Olin's Top 9 Matches
About Olin Dewitt Talmadge Johnston
Olin DeWitt Talmadge Johnston (November 18, 1896 – April 18, 1965) was a Democratic Party politician from the US state of South Carolina. He served as the 98th Governor of South Carolina, 1935–1939 and 1943–1945, and represented the state in the United States Senate from 1945 until his death in 1965.
Early Life, Military Involvement, and Politics
Johnston was born near Honea Path, South Carolina in Anderson County. Johnston enrolled in the Textile Industrial Institute, now Spartanburg Methodist College in 1913 and graduated in just over a year. He entered Wofford College in 1915, but his studies were interrupted by service in the United States Army during World War I. He served as a sergeant in the 42nd Division, the Rainbow Division, in France. After the war Johnston returned to Wofford, graduating in 1921. He attended law school at the University of South Carolina and was elected to the South Carolina House of Representatives as a Democrat in 1923, representing Anderson County for one term. He was elected to the same body in 1927 as a representative from Spartanburg County and served for two terms. As a young legislator, Johnston was an advocate of the state's textile mill workers, and his major accomplishment was shepherding a law that required mill owners to install sewers in mill villages.
Johnston made his first campaign for governor in 1930, and led the slate of candidates in the primary, but lost by around 1,000 votes in the runoff election. Undeterred by the loss, Johnston ran again and was elected Governor of South Carolina in 1934, serving for one term. On taking office, Johnston proposed a series of bills to aid the state's textile workers. An ardent New Dealer, Johnston managed to push his legislative program through the state house of representatives only to meet defeat in the Lowcountry-dominated state senate. In what has become the most famous fight between a governor and legislature in South Carolina history, Johnston tried to dismiss a number of members of the powerful State Highway Commission. After the commissioners refused to leave their posts, Johnston mobilized the National Guard to occupy the offices of the Highway Department. Ultimately, Johnston lost his battle with the Highway Commission, and severely wounded his already poor relationship with the legislature. Johnston lost his power to name highway commissioners, a power that the governor's office has never regained. His term saw the creation of the state's first Labor Department and its first Industrial Commission, and under his leadership, the state embarked on a major rural electrification project.
Unable to run for re-election in 1938, Johnston challenged "Cotton Ed" Smith for the United States Senate. The race brought national interest, as Smith had developed into an opponent of the New Deal and Johnston was a strong supporter. Smith was one of the senators that President Franklin D. Roosevelt attempted to purge. Ultimately, Johnston lost the race to Smith.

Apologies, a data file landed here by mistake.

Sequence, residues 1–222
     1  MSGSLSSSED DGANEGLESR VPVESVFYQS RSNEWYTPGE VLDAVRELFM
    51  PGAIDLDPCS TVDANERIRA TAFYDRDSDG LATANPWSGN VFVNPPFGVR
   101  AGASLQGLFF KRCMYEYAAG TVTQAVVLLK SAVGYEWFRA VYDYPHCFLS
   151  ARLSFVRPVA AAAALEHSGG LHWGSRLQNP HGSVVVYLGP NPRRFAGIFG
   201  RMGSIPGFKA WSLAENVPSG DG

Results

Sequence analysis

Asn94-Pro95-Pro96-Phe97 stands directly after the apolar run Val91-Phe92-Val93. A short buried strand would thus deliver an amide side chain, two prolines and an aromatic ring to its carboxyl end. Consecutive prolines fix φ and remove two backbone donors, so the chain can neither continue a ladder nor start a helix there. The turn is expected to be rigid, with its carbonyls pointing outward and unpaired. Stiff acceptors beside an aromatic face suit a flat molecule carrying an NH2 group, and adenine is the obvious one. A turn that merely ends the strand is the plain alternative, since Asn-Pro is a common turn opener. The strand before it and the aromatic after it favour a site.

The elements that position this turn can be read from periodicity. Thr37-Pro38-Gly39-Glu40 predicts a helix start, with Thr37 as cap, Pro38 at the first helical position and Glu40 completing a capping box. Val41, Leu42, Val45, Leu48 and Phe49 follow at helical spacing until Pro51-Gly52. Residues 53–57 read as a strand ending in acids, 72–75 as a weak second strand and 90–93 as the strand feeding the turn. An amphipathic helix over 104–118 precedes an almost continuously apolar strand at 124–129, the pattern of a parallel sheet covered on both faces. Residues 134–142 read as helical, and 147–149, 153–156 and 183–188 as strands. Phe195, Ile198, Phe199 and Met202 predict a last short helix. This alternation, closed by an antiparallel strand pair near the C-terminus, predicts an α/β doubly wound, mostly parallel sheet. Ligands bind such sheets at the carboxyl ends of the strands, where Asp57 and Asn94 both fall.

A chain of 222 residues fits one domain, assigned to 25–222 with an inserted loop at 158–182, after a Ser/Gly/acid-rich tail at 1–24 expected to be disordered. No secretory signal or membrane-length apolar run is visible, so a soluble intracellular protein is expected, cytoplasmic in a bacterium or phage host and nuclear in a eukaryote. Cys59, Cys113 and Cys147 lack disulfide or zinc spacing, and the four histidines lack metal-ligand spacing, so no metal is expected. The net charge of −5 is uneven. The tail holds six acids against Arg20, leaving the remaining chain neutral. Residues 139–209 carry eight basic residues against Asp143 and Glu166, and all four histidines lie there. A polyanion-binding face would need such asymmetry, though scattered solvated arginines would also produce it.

Johnston then ran for the Senate in a special election 1941 to replace James F. Byrnes, losing to Burnet R. Maybank.
Johnston was elected Governor of South Carolina again in 1942. He won a narrow victory in the Democratic primary, and ran unopposed in the General Election. The outbreak of World War II meant that labor issues would not be as prominent in Johnston's second term. During his second term, Johnston signed laws which attempted to circumvent the Smith v. Allwright decision by making the South Carolina Democratic Party a private organization. He served until his resignation on January 3, 1945 in order to accept his U.S. Senate seat.
Johnston was elected to the Senate in 1944, defeating "Cotton Ed" Smith in a rematch of their 1938 race. Johnston was re-elected three times, serving in the Senate until his death in 1965. He served for several years as Chairman of the now-defunct Post Office Committee. Johnston was not as conservative as most other Senators from the Deep South, retaining a populist position on many economic issues. Unlike most Southern Democrats, Johnston opposed the anti-union Taft-Hartley labor law in 1947 and he voted for both the War on Poverty and Medicare in his last full year in office, 1964. However, like all other politicians from the Deep South during this period, Johnston was orthodox on the "race question", opposing all civil rights legislation.
While not a prominent figure nationally, Johnston was very well-entrenched in his home state. He may be the only Senator to have defeated two future Senators. He retained his seat despite challenges from Strom Thurmond in the Democratic primary in 1950 and Ernest Hollings in the 1962 primary. In both cases Johnston was the more liberal candidate. Hollings, then serving as Governor, attacked the Senator as "the tool of the Northern labor bosses", yet Johnston defeated him by a 2–1 margin.
Johnston's daughter, Elizabeth Johnston Patterson, served in the U.S. House of Representatives from South Carolina's Fourth Congressional District from 1987 to 1993. She was the 1994 Democratic nominee for Lieutenant Governor of South Carolina.